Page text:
Television shows like the old Wild Kingdom or Nature Notes took us to remote places to view nature, nature being the living world not counting humans.
But nature is closer to us than we have traditionally thought. As early as 1683, Anton van Leeuwenhoek, the Dutch microscope maker, wrote a letter to the Royal Society in which he described the "animals in the scrurf of the teeth."
Van Leeuwenhoek reported that both our mouths and our gut contained microbes; he further observed that the ones he found in the mouth appeared to be different from those found in the gut. His observations were limited to organisms that could be seen using the tiny drops of glass that served as his microscopes. (Ursell, Metcalf, Parfrey, & Knight, 2012)
It was this view of nature, one filled with strange looking creatures, that came to be seen as a threat, especially when thanks to Louis Pasteur and Robert Koch we learned that we could become ill when some of these strange creatures got inside us. In school we learned that these microscopic organisms were really germs and that germs cause disease.
The cultural narrative since has been the war against germs. Medical scientists were microbe hunters who stalked and killed them. We work on keeping germs in check and therefore stock our homes with household and personal cleaning products that claim to "kill 99% of germs."
Since the birth of microbiology in the early 20th century, it has been known that our gut is home to microbes, but it wasn't until the revolution in genetic sequencing and data analysis techniques that we have begun to understand that far from having succeeded in the war on germs, our bodies actually resemble "microbe motels." The inhabitants of the microbe motel create our microbiome.
The modern technologies of genetic sequencing have made it possible to identify the living contents of the microbiome. The techniques can be used to examine data in a variety of ways such as time sequences so that the changes in the microbiome can be observed in real time.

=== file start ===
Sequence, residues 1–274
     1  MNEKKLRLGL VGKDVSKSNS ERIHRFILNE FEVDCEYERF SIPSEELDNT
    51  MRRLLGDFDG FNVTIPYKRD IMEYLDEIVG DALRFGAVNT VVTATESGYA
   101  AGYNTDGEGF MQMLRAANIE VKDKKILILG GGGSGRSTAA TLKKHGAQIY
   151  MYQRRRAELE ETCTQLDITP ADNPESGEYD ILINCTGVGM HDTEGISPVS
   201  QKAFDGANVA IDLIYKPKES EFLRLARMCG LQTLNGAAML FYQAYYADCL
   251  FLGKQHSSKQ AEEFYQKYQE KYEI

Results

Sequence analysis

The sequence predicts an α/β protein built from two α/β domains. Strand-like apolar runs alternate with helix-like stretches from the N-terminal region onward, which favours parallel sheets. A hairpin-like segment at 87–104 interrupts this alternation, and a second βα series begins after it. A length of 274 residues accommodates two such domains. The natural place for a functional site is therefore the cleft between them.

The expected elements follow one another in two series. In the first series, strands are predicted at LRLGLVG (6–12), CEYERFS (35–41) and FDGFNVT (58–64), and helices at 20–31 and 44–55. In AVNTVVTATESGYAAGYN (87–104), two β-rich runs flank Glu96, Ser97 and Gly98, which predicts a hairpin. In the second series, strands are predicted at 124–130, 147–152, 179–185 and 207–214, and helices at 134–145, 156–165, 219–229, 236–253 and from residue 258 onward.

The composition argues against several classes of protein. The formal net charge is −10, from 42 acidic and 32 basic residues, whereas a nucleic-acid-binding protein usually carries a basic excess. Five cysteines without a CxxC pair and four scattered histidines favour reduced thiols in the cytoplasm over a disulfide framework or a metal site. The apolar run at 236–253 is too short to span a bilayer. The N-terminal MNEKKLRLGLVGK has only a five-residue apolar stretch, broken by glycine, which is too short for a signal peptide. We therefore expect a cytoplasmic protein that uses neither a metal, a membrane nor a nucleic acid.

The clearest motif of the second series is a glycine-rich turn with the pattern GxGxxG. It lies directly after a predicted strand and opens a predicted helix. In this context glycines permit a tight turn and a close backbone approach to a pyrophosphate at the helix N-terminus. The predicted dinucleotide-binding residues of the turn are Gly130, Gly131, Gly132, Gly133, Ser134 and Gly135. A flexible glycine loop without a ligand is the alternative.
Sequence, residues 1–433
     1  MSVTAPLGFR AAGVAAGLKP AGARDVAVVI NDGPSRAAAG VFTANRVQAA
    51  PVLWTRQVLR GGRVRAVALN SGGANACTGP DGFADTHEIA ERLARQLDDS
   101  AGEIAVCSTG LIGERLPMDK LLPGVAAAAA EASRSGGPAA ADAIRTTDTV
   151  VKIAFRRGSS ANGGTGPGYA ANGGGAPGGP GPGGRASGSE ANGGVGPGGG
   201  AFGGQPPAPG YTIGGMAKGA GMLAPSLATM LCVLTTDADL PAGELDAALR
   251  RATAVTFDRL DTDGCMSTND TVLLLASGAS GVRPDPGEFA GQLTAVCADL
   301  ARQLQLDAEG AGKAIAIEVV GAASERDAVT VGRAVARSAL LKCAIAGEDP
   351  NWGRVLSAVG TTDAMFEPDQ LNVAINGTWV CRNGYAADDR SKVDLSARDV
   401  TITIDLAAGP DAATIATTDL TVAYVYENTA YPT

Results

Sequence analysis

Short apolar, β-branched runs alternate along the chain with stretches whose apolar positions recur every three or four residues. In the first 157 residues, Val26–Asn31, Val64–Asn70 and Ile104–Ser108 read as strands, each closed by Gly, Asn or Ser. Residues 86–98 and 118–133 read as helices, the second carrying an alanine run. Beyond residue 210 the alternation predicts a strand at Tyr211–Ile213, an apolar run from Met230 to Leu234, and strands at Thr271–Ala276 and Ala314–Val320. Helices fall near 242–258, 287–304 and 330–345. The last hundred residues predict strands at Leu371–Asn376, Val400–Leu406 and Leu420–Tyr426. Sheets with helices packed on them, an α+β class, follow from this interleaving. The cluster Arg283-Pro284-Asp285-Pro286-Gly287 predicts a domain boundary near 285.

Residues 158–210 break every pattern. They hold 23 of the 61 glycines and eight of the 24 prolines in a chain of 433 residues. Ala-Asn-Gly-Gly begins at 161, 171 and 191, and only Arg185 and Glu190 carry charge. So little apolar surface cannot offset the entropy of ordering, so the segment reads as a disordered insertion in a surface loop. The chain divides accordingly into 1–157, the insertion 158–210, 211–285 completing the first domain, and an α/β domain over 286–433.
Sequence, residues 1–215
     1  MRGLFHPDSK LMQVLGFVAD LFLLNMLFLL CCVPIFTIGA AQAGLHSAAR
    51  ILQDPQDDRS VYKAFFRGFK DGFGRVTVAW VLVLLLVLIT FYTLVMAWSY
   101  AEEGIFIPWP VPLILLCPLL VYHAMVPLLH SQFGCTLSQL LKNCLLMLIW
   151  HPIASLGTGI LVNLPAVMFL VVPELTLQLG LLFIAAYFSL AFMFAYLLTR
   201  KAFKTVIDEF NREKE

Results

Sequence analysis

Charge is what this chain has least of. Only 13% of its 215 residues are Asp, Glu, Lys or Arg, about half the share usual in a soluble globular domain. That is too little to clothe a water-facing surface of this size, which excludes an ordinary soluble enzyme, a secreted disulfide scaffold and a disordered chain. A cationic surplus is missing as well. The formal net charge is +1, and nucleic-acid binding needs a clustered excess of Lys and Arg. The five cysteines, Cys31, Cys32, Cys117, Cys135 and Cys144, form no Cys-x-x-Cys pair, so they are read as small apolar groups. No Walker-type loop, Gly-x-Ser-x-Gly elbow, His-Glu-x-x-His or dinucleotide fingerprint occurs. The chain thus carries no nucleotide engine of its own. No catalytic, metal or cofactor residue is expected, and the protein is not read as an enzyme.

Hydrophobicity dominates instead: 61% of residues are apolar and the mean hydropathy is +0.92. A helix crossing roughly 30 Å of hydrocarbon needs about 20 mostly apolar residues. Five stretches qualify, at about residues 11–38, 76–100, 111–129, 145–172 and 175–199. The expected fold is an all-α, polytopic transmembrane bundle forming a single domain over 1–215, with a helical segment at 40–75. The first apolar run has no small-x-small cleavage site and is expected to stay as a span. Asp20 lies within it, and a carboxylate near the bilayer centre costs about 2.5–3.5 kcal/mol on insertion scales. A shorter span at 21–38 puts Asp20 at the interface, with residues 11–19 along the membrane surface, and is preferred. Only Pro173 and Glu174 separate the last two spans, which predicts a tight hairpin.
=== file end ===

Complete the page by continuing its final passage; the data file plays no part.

The scale of our personal microbiome is staggering. There are from 10 to 100 trillion microbial cells living in each individual human's gut; that is, the microbial cells actually outnumber our human cells.
Even the diversity of the microbiome is astonishing. While there are on the order of 22,000 genes in the human genome, a catalog of the genes in the microbiome lists 3.3 million genes without counting any gene more than once.
As individuals, the genetic content of our individual microbiomes is more diverse than our human genome from individual to individual. While the genomes of individual humans are 99.9% similar to those of other individuals; the gut genome can be 80-90% different from individual to individual. (Ursell, Metcalf, Parfrey, & Knight, 2012)
How do we acquire our microbiome?
We acquire it at birth and its composition will vary by how the baby is delivered. A baby born by passing through the birth canal will have a microbiome that resembles the microbiome in the mother's birth canal. If the baby is born using C-section, its microbiome will resemble the microbiome of its mother's skin.
The interaction between the microbiome and its human host environment is clear.
As the baby matures, its microbiome will change. In one study, it was found that there were specific points at which the microbiome altered when the environment changed: ingesting breast milk, the development of a fever, the introduction of rice cereal, being fed formula and table food, antibiotic treatment, and the introduction of adult food. (Ursell, Metcalf, Parfrey, & Knight, 2012)